Using Instagram in the Classroom
I like to pretend I'm knowledgable about social media, and I try to stay up-to-date. When I started teaching, I found out very quickly that was not the case. Kids these days are using social media in different ways than we could possibly imagine, and the trends are rapidly changing. My second year teaching, my students told me I had to get an Instagram account, so I did. They had to show me how to use it, what to do, how to comment, and all the other quirks of the app. It wasn't long though and I had it mostly figured out. The majority of my students use apps like Instagram (not Facebook like us old folk), so I decided to use it to reach them where they were. Here are quite a few examples of how to use Instagram in your classroom! They're band-focused, but you can use them in any subject area easily.
Before we go much further, I do want to advise you to check with your disctrict on their social media policies. You'll need to check to see what the rules are for posting students' pictures, names, and information. At my last district, I could post pictures and names, but my current district has a few more regulations. Consider making a classroom account separate from your personal account, and I highly advise that you DON'T follow students. You don't want to be responsible for seeing what they may choose to post.
My husband traveled to England last year, and I used his remaining change to show kids the "When am I ever going to use this?" of math, even though music is my main subject. The kid who guessed first got one of our leftover pence. You could use this for all sorts of real-world applications for your subject!
Remind your students when they need to bring supplies for a project or papers that had to be signed. Nintendo trash talk is optional.
3. Bragging on Accomplishments!
When your club, team, or class does something awesome, brag on them! This could be groups or individuals. You can highlight projects, student work, or if your district allows, pictures of the students themselves!
4. Further Education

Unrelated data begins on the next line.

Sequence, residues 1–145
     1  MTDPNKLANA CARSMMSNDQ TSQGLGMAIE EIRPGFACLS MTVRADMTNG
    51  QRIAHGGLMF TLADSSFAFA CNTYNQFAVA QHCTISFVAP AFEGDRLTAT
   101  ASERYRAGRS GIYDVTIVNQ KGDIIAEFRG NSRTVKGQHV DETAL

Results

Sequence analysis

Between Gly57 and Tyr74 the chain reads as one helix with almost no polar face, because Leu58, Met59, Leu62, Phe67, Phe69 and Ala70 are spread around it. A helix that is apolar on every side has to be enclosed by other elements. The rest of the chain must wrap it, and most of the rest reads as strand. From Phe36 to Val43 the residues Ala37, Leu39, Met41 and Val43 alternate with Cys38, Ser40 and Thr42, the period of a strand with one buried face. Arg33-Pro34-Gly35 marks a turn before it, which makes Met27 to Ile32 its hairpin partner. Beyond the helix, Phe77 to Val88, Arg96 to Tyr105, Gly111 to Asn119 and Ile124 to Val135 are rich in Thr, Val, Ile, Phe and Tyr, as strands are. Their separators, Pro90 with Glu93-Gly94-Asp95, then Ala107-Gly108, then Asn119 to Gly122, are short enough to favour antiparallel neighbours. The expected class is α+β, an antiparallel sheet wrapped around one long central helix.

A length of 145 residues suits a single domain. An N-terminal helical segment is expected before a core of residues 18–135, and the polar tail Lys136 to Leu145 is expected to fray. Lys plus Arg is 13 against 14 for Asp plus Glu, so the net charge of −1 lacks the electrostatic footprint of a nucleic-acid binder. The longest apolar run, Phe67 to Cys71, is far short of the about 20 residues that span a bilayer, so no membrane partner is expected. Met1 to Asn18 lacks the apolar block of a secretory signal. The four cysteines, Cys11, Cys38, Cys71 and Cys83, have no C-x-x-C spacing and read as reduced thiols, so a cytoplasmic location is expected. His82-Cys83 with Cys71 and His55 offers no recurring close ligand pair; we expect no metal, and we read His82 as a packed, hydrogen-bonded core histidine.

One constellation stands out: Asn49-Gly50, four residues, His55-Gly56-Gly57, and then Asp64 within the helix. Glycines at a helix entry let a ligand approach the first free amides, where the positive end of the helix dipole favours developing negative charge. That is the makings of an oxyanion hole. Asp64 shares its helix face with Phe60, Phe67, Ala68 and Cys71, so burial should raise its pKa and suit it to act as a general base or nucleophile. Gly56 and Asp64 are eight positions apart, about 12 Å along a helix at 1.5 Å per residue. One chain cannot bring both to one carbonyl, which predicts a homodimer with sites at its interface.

Keep kids interested by showing them how your subject is being explored in the real world. While I was gone to the TMEA convention, I posted frequently about the musical experiences I was having. This would work especially well for science teachers going on nature walks, coaches traveling to professional games, reading teachers at a bookstore, etc.
5. Humor and Hashtags
Take advantage of #mcm (Man Crush Monday) or #tbt (Throwback Thursday) to highlight famous characters and people from history in your subject. I did a string of composers for #mcm, but you could show historical figures or even book characters. Don't forget about silly memes you may come across. Don't be afraid to post silly things!
6. Upcoming Events
Advertise for camps, concerts, shows, and other events that may pertain to your subject area. I've posted things like concert posters, band camp flyers, and commercials from TV to tell my students what's going on in the community related to music.
7. Practical Applications
Reinforce what you've taught in class with summaries or reminders. I focused on "CNAP" with my beginners, and after a rigorous week, I reminded them how to prepare for their test. The second picture is pretty disgusting, but it was posted the day after an off-topic lecture on why you shouldn't eat right before or while you're playing. A little shock-value made it's point very quickly, and many kids washed their mouthpieces after seeing the picture!!
A few more, though I don't have examples...
- Create a hashtag for your class or your topic. Let students post progress pictures of any projects they are working on. Create a hashtag specifically for homework help so that you can see what your students may be struggling on.
- Encourage students to post pictures of ways they can use your subject in real-world applications (Geometry: Take a picture of something you had to measure. Reading: What is your favorite book at home?)
- Show students that you are a teacher, but also a person. Post occasional fun pictures (within school guidelines) to help relate with students. I post pictures of my hobbies (crocheting) and my dog. It's a great conversation starter to connect with kids.
- Take pictures of the behind-the-scenes prep work you do for your classes. It shows them how much you care about them and gives them some insight into the teaching professsion. I'll be posting from our EdCamp this weekend.
If you have any great examples, please share them!